a construction firm in Beijing to work in Algeria. On arrival there, a separate company employed them, which collected a 10,000-yuan ‘security deposit’ from each worker and then failed to pay them their full wages. The Chinese court adjudicating the case found that, although the plaintiffs paid the security deposit and performed their work overseas, the Beijing firm had executed an employment agreement with the workers and was thus liable for the monies owed (Zhao 2016). Similarly, where OPCEs seek to evade legal responsibility by requiring workers to execute labour contracts with their foreign subsidiaries (rather than with the OPCE in China), some courts nonetheless deem there to be a labour relationship between the OPCE and the worker and thus hold the OPCE responsible for remedying labour abuses, such as compensating work-related injuries (China Overseas Engineering Co. Ltd and Dong Minggang Labour Dispute Second Instance Civil Judgement 2018).

There are also cases in which the courts order a remedy for workers against 
an unregistered labour broker or an intermediary who did not comply with the appropriate procedures. The 112 unpaid migrants who worked for Baoyingerile in Mongolia filed a lawsuit on returning to China. Due to the numerous impracticalities, they did not sue the company in Mongolia; instead, they sued Mr Wu (the owner of Baoyingerile, who turned out to also be a Chinese national) and Mr Liu (the recruiter). The workers demonstrated that Wu and Liu did not go through the appropriate legal procedures to recruit them for overseas employment, and that it was therefore proper to find them liable for payment of the owed wages. The court was then able to mediate a settlement in which the two defendants together agreed to pay the amounts due (Yang 2020). In the other example, when Ms Wang brought a lawsuit regarding the masseuse job arranged for her in Malaysia, the court ordered that the broker return her recruitment fee because the work conditions did not match what she had been promised (Liu Panpan and Wang Zhiqiang Contract Dispute Second Instance Civil Judgement 2020).

Not all courts, however, are so generous towards workers who use informal or unregistered brokers. Some courts find that the obligations imposed on FLSCEs do not necessarily apply to these unregistered intermediaries, and thus any dispute between the worker and the broker is simply a question of whether the contractual promises were fulfilled. Therefore, if the contract simply obligated the broker to arrange a job overseas, and the worker was given such a job, courts have found it proper for the broker to retain the fee. A number of judges have also found that the worker should bear some fault for engaging such a broker. For example, Mr Ge signed a labour contract with an agency that lacked the proper qualifications to send workers to Angola. When he returned to China and sued the agency to compensate him for an injury suffered while abroad, the court held that the plaintiff bore some responsibility for not properly investigating the agency and therefore should not be compensated the full amount (Ge Weibing and Nantong Far East Labour Cooperation Co. Ltd Service Contract Dispute Second Instance Civil Judgement 2015).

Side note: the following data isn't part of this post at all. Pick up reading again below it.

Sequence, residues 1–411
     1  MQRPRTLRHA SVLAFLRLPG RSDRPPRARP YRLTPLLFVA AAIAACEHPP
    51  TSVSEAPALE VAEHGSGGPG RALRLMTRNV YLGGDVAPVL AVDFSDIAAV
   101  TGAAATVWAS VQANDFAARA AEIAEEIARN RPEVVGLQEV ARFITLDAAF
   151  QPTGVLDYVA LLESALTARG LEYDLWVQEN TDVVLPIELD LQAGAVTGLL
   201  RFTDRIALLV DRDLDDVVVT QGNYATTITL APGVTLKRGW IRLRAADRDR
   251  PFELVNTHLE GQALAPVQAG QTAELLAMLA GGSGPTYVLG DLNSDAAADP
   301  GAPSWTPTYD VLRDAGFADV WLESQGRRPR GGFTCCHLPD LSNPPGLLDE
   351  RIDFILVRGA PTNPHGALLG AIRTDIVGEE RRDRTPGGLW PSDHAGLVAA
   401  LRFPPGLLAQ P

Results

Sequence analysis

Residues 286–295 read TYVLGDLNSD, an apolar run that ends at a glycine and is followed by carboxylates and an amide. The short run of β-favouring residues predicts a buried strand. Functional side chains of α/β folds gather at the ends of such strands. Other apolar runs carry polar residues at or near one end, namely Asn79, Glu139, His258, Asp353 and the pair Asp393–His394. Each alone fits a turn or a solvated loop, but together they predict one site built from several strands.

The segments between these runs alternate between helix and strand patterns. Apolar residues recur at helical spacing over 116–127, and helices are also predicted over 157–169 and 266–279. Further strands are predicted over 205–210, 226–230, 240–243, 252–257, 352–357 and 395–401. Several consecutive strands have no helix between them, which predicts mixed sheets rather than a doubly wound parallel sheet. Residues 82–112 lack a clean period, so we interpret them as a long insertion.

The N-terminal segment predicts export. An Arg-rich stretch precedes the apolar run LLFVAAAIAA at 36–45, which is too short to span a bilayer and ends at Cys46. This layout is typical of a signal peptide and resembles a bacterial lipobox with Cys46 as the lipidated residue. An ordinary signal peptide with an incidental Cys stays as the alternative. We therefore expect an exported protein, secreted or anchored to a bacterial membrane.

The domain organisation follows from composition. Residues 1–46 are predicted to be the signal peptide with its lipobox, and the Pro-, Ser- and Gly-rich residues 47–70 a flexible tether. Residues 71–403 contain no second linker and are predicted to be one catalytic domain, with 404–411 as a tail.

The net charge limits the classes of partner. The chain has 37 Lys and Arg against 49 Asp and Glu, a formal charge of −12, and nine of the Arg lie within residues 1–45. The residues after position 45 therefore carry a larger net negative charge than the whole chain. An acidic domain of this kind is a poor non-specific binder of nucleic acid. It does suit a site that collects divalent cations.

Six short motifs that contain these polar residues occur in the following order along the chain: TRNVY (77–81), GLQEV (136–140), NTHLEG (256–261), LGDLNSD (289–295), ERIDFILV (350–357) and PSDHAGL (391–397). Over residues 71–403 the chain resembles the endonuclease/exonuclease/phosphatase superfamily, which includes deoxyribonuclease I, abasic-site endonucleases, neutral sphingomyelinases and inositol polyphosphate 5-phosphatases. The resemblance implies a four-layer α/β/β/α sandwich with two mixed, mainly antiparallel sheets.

Accessing the Courts

While the courts are providing important remedies for at least some workers, it is important to be mindful of the obstacles preventing many aggrieved workers from prevailing in court—or from ever filing a claim in the first place. One significant issue is workers’ lack of physical evidence to prove their claims. The plaintiffs who worked in Mongolia were fortunate to have a signed statement affirming that they were owed wages by Mr Wu and Mr Liu. However, this contrasts sharply with the many workers who are never provided a written contract or may lack any evidence that even establishes the identity of their employer, let alone the specific amount they are owed.